There were some ups and downs as the evening wore on, but I will never forget a moment that happened the next morning. I came to the table for breakfast and the two girls greeted me with smiles. Taking cues from my younger brothers, they both called me “Sissy.” They were already part of the family. From that moment, I felt sure that they belonged with us.

One week later, their two brothers, three-year-old Imareon and two-year-old Johan, came home to us as well. Our family felt complete. Before a year would pass we’d be able to officially adopt all four of these children. [The photo above shows all of us, including the judge, on their adoption day.] Zaniya had been taken from her parents as a baby, and the rest of her siblings entered care as they were born. The process went quickly because their parents’ rights had been terminated just before they came into our care and the people working with them were anxious to get them into a good home. Nothing in this world makes me happier than knowing that they will be part of our family forever.

Feeling Our Family Is Complete

People like to ask me questions about our strange family. They ask what it’s like to have that many other kids around me all the time, and if my parents give me proper amounts of attention. Some have even asked me if the kids are “worth it.” In response, I usually share one of the following two answers.

My mom and I like to joke that it was so nice of other people to have her kids for her, so that she didn’t have to, but I honestly feel like my brothers and sisters through adoption were meant to make it to us eventually. They might have had a rough path here, but they are here now, and our family would be incomplete without any single one of them.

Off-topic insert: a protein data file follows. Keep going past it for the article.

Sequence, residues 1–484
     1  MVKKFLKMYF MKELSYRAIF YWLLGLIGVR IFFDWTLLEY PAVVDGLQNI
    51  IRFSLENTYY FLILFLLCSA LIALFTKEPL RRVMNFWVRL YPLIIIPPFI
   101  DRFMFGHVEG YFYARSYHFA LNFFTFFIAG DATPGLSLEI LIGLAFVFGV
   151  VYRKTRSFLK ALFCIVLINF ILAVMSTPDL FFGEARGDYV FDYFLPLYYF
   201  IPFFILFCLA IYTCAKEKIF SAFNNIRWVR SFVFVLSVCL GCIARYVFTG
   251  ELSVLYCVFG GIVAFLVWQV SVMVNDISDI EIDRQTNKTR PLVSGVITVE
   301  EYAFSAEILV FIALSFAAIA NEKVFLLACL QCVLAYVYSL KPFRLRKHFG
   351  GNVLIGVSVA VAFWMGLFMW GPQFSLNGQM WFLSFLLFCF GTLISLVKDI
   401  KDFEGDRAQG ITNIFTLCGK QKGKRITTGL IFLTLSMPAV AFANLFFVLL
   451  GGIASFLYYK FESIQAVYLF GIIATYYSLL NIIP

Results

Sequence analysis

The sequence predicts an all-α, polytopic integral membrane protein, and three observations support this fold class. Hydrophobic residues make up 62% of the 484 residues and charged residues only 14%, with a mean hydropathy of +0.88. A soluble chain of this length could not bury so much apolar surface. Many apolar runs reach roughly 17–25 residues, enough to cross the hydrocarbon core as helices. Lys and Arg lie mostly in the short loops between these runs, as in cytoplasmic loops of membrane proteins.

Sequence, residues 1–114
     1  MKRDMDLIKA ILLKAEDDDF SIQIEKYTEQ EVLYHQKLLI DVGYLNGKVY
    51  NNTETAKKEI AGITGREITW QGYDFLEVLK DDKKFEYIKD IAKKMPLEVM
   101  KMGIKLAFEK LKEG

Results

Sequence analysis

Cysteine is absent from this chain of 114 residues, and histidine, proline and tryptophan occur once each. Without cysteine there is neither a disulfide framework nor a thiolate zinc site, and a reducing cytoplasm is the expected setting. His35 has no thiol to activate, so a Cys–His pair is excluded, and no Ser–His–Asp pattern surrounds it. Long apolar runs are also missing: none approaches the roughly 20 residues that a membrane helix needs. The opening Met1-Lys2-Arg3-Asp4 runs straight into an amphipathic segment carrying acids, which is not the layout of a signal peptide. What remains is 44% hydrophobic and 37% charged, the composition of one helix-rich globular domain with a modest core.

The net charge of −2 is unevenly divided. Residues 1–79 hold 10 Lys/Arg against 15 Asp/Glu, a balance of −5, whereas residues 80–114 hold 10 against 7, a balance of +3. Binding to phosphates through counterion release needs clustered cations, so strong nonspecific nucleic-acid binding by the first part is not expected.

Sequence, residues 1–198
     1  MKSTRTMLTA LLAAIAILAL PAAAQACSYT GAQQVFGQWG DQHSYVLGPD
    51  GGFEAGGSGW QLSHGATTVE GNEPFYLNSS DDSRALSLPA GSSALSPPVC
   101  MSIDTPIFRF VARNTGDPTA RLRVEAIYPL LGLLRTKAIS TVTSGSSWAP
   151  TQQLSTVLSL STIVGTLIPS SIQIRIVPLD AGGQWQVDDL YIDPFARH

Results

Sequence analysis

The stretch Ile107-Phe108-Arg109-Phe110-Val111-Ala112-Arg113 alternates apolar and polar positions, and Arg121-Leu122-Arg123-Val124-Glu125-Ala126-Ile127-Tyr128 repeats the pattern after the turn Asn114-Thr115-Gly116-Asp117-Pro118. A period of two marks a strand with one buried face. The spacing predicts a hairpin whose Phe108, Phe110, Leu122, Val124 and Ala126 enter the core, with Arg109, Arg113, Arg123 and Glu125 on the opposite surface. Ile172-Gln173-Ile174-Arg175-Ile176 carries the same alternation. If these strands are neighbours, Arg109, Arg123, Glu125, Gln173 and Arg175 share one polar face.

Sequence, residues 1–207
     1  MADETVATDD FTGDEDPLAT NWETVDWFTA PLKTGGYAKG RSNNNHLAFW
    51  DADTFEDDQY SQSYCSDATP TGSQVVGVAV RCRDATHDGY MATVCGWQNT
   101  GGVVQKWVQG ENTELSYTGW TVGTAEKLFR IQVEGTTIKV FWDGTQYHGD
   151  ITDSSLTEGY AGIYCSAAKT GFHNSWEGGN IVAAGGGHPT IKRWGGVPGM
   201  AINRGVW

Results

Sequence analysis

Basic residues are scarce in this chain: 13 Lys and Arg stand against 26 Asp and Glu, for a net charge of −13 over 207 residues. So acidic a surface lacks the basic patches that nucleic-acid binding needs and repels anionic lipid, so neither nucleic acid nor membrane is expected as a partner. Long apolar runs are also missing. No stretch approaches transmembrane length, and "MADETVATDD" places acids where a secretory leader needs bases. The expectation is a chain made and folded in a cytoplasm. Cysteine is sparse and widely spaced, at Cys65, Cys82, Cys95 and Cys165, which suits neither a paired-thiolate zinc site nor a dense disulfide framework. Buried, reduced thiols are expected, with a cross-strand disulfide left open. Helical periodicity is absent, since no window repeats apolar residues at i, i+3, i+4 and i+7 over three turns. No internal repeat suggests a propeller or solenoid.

The other answer I like to give is this true story. One day my family and I were at the zoo, and we were walking through the African animals section. Zaniya, who is African-American, like her three biological siblings, walked up to a big map of Africa and said, “Mommy! Look, that’s where we belong!” She had meant to say “are from” (even though they were all born in Nebraska), but my mother decided to respond to Zaniya’s words. She bent down, looked Zaniya in the eyes, and said, “No, Zaniya, that’s where your ancestors are from, but that’s not where you belong. No matter what happens, know that you belong with me, with our family.” Zaniya grinned from ear to ear and skipped away to look at the animals.

I haven’t said much about adopting my younger brothers. They came to live with us when Donavan was three months old and Cruz was just under the age of two. We were able to adopt them after about three years. I don’t talk much about their adoption anymore because I can’t remember all the details, and, more importantly, I can’t remember what my life was like before them. Nor do I want to. The idea of living my life without being able to see their glowing faces every step of the way sounds horrible. Cruz and Donavan opened my eyes up to what the real world is like. They showed me the meaning of the word resilience and the true purpose of adoption. People used to tell me that my parents “saved those boys.” In some ways, that’s true. However, “those boys” really changed our lives for the better, and I think saved us, too. I’m glad that I’ll never have to know what my life would have been like without them in it.

People wonder how my family can handle this much work. They wonder how we make it from day to day with nine kids in the family. They call my parents “saints” and they ask me how I can be so tolerant toward these additions to my life. What I wish these people would understand is that my parents’ decision to adopt is the best thing that has ever happened to me.